The U.S. and India Nuclear Deal: The Right Thing to Do!

By Megan A. Amer.

Amidst the sound and fury of the debate on the economic bail-out package, the Bush administration scored a quiet and rare foreign policy victory. On October 1, 2008, Congress passed the U.S.-India Nuclear Cooperation Approval and Nonproliferation Act. In simple terms, this means the US and India can now engage in nuclear commerce, and cooperate on major international security issues. For American businesses, this act provides access to India’s market for peaceful nuclear technology worth over $150 billion. And for India this means ending a three-decade ban on nuclear trade.

But beyond the immediate advantages of increased commerce, the U.S.-India Nuclear Deal provides numerous other benefits to the U.S. and the international community.

First, it provides a comprehensive oversight of India’s civilian nuclear facilities, for the first time in over thirty years. India’s acceptance of the International Atomic and Energy Agency (IAEA) Safeguards Agreement and Additional Protocol, will permit intrusive inspections of 14 of India’s 22 nuclear facilities, with the aim of bringing the reactors under agency safeguards by 2014. Furthermore, all future civil nuclear facilities will be placed under the Safeguards Agreement.

Second, the U.S.-India Nuclear Deal strengthens the U.S. relationship by making India a key ally to enhance U.S. security against China and Iran. According to Congressional conditions outlined in the Hyde Act (2006) for the passage of the Nuclear Deal, India must participate in U.S. policies towards dissuading a nuclear Iran. India recently demonstrated its support by voting for additional sanctions on Iran in the U.N. Security Council. Additionally, India has agreed to U.S. nonproliferation initiatives, such as the Proliferation Security Initiative (PSI), and will support the U.S. in its promotion of a Fissile Material Cut-off Treaty (FMCT).

Third, the Agreement not only provides for enhanced international security, but also increased security within India at its nuclear facilities to ensure that sensitive material does not get into the wrong hands. In furtherance of this goal, India will enact comprehensive export control legislation and regulations in accordance with the international control regimes, such as the Nuclear Suppliers Group (NSG) regulations.

Fourth, in twenty years the world-wide demand for power is expected to increase by fifty percent. The U.S.-India Nuclear Deal will help in the fight against global warming by providing a viable, cleaner alternative for electricity production over coal. Nuclear power emits no greenhouse gases. Moreover, by promoting nuclear energy, the U.S.-India Nuclear Deal will ease global demand for crude oil and natural gas, thereby lowering oil prices for U.S. consumers.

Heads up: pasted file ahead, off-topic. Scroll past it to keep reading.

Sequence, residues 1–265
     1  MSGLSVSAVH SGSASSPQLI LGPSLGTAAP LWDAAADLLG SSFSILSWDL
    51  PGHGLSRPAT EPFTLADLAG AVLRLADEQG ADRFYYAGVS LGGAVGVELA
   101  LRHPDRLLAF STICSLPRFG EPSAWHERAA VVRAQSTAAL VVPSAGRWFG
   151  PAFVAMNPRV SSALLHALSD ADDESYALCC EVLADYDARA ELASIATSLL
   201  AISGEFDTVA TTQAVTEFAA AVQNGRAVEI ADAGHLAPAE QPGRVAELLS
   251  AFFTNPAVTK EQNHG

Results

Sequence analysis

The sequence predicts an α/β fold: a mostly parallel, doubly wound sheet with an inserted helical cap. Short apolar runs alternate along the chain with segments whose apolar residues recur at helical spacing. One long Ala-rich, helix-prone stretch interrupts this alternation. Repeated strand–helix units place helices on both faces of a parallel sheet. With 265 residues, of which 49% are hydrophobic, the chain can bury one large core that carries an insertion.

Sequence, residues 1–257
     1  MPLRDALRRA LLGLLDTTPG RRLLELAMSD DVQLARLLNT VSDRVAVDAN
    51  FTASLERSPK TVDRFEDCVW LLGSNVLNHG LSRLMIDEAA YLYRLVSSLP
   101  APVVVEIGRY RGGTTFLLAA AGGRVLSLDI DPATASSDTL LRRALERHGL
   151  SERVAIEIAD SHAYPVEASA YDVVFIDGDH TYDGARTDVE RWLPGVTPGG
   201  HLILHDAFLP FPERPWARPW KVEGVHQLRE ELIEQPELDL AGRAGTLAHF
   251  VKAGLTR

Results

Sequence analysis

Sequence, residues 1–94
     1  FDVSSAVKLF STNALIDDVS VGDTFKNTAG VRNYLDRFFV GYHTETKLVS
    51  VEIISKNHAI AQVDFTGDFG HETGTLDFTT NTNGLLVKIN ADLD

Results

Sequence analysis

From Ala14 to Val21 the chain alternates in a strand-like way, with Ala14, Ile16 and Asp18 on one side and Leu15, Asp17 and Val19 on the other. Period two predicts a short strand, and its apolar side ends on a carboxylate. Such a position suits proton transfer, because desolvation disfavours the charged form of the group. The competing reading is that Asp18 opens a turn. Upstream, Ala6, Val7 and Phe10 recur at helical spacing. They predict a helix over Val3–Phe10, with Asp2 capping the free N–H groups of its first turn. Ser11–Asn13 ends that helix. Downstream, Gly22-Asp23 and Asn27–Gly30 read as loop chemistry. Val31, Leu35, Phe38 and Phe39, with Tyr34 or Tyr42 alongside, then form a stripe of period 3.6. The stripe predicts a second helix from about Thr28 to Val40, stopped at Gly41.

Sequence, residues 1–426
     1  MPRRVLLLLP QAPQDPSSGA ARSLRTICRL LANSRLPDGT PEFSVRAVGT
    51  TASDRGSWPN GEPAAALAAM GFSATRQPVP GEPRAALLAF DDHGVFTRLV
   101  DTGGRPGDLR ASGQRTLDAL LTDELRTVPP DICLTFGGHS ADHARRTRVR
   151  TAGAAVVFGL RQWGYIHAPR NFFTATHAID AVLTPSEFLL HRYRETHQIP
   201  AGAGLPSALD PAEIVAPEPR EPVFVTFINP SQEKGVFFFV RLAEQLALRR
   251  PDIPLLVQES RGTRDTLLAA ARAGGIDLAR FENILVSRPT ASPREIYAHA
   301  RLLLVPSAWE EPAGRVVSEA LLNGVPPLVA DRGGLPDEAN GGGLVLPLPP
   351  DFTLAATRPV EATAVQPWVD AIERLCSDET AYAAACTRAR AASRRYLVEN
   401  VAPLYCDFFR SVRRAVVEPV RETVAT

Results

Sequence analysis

Lastly and most importantly, the U.S.-India Nuclear Deal will benefit U.S. businesses by opening up India’s civilian nuclear market, worth over $150 billion dollars, to U.S. industry. The U.S. Chamber of Commerce estimates that increased trade with India due to the Nuclear Agreement will create over 250,000 new jobs in the U.S.

Although the Deal has received widespread support, such as approval from the IAEA and the 45-member NSG, which regulates international commerce of nuclear materials, there is also criticism of the Agreement.

First, critics argue that the U.S. and India Nuclear Deal will create a dangerous precedent. This ignores the fact that India has a good record on nonproliferation and maintains a voluntary "no first use policy."

Second, it is said that the deal will provoke an arms race in South Asia and that Pakistan will lobby for a similar deal. But China and Pakistan already had nuclear weapons long before this deal was ever imagined and they already posses an effective nuclear deterrent. Moreover, Pakistan is ineligible for a nuclear deal with the U.S. due to domestic law. The Hyde Act states that the U.S. can only cooperate on nuclear energy with nonsignatories of the Nonproliferation Treaty (NPT) if they are a democratic government and if they have a proven record of nonproliferation. Therefore, India is eligible, but Pakistan is not, because questions continue to remain unanswered of Pakistan’s role in the A.Q. Khan network, a clandestine international network of nuclear proliferation, where nuclear weapons technology was sold to Libya, North Korea, and Iran.

Lastly, some believe that the deal could undercut the campaign to curtail Iran's nuclear program. But India in fact has good relations with Iran, could facilitate in negotiations with Iran to end its nuclear program, and supports the U.S. strong stance on a nuclear free Iran.

In conclusion, the U.S.-India Nuclear Deal is a win-win for the U.S. and the international community. It brings India into the international nuclear regulation regime, creates jobs for Americans, is good for the environment, and supports U.S. national interests abroad. For the U.S-India Nuclear Deal, Congress was right in its approval. This deal is worth it.

Megan A. Amer is a second year graduate student at George Washington University where she is conducting research on the role of international law and organizations in international security, particularly their role in nonproliferation.

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